The “Together Together” caravan that will visit 19 cities of the Texas South Border, in response to the implementation of SB4, which allows the agents of any police corporation to ask detainees about their legal situation in the country, started today in Step.
The caravan will stop in several towns where there will be community talks on constitutional rights, so that immigrants are prepared to respond to possible arrests by the state law.
Fernando García, executive director of the Border Network for Human Rights, based in El Paso, told Efe that this action seeks to raise its voice in resistance to racism and human rights violations.
“We are going to be explaining to the community what SB4 is and how to defend against possible abuses, we are going to give workshops on how to document abuses that we believe will be applied with this law,” he said.
The caravan, which involves nearly 100 protesters, has scheduled 32 events during the tour in vehicles along the border of the entity with Mexico.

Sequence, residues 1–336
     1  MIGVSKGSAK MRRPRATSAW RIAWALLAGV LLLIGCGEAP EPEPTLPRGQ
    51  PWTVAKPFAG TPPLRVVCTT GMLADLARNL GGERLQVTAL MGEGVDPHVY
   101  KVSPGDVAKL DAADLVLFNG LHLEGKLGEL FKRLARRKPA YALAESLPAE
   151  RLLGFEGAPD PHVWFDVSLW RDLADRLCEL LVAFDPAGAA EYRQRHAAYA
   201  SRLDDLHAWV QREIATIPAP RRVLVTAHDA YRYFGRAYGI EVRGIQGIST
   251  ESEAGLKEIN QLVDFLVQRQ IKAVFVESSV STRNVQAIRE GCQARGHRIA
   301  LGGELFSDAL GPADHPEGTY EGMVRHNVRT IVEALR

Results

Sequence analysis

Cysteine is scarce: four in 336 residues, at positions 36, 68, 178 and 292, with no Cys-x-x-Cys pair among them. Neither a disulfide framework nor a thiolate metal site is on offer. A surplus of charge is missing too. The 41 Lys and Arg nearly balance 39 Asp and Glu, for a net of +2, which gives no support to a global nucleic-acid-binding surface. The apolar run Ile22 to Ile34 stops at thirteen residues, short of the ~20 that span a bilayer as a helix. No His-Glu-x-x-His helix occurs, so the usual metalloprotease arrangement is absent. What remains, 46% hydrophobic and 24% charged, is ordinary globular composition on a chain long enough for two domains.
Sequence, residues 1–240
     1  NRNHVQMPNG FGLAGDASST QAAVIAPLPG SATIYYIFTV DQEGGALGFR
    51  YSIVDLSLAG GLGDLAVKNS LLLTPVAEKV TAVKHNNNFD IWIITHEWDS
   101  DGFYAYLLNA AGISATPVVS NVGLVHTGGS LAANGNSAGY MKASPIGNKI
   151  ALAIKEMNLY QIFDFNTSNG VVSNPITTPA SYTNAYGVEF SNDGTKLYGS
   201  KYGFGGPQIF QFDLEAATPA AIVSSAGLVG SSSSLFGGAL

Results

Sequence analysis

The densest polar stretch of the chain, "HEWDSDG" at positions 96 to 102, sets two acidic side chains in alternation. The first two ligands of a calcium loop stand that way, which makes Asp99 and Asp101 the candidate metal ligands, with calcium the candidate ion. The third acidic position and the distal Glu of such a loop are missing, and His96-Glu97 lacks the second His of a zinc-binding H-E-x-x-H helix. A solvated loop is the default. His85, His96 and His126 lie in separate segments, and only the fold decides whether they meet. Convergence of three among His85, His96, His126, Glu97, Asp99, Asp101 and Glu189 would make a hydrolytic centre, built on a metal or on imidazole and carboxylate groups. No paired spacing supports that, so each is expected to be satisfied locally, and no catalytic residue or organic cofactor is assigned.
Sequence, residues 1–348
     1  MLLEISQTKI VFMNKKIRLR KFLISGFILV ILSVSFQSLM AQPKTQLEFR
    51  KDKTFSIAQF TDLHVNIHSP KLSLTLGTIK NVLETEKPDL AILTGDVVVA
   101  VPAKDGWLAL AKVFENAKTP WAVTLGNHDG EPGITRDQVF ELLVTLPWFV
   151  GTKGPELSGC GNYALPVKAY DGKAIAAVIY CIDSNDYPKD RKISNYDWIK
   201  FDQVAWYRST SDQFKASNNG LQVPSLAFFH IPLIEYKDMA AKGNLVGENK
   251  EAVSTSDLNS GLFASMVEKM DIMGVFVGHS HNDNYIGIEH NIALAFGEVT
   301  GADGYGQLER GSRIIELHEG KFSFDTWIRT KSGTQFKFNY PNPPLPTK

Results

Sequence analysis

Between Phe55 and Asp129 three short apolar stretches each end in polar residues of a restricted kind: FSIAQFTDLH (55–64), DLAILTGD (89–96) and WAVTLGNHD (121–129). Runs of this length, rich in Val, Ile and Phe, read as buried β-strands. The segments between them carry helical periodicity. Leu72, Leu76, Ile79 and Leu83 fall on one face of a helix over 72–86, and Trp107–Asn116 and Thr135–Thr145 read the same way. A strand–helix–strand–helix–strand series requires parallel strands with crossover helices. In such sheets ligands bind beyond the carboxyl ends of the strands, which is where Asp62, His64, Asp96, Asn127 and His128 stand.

“In some towns we will be two days, it is not a caravan that is followed but we will stay in places to do training with the community,” he said.
Among the cities that will be visiting are Fabens, Screw, Ft. Hancock, Marfa, Presidio, Del Rio, Eagle Pass, Laredo, El Cenizo, San Benito, McAllen, San Juan, Rio Grande, Brownsville, Falfurrias and Corpus Christi, assured Garcia
The caravan is scheduled to arrive in Houston on April 12 where it will complete its activities.
Veronica Macías, from the city of Horizon, El Paso County, said many of the activists are participating in the fight against hatred and the separation of families in the United States for immigration reasons.
“There is a lot of fear in the community that SB4 is already implemented, and they have the authority to ask people for documents and talk to them about migration,” he said.
In 2017, the so-called SB 4 law was approved, which allows the agents of any police corporation to ask any detainee about their legal situation in the country.
The Border Network for Human Rights, as well as a number of pro-immigrant organizations in Texas, have been fighting to stop and eliminate this law that, they say, damages the economy, security and trust between police agencies and the community.
Several local governments and civil rights groups filed a lawsuit against the law considering it unconstitutional.
A federal judge in San Antonio is pending to determine the legal viability of the statute.
Meanwhile, a Federal Court of Appeals ruled March 13 that most of the mandates contained in SB4 can be applied while the legal process on its constitutionality continues. efe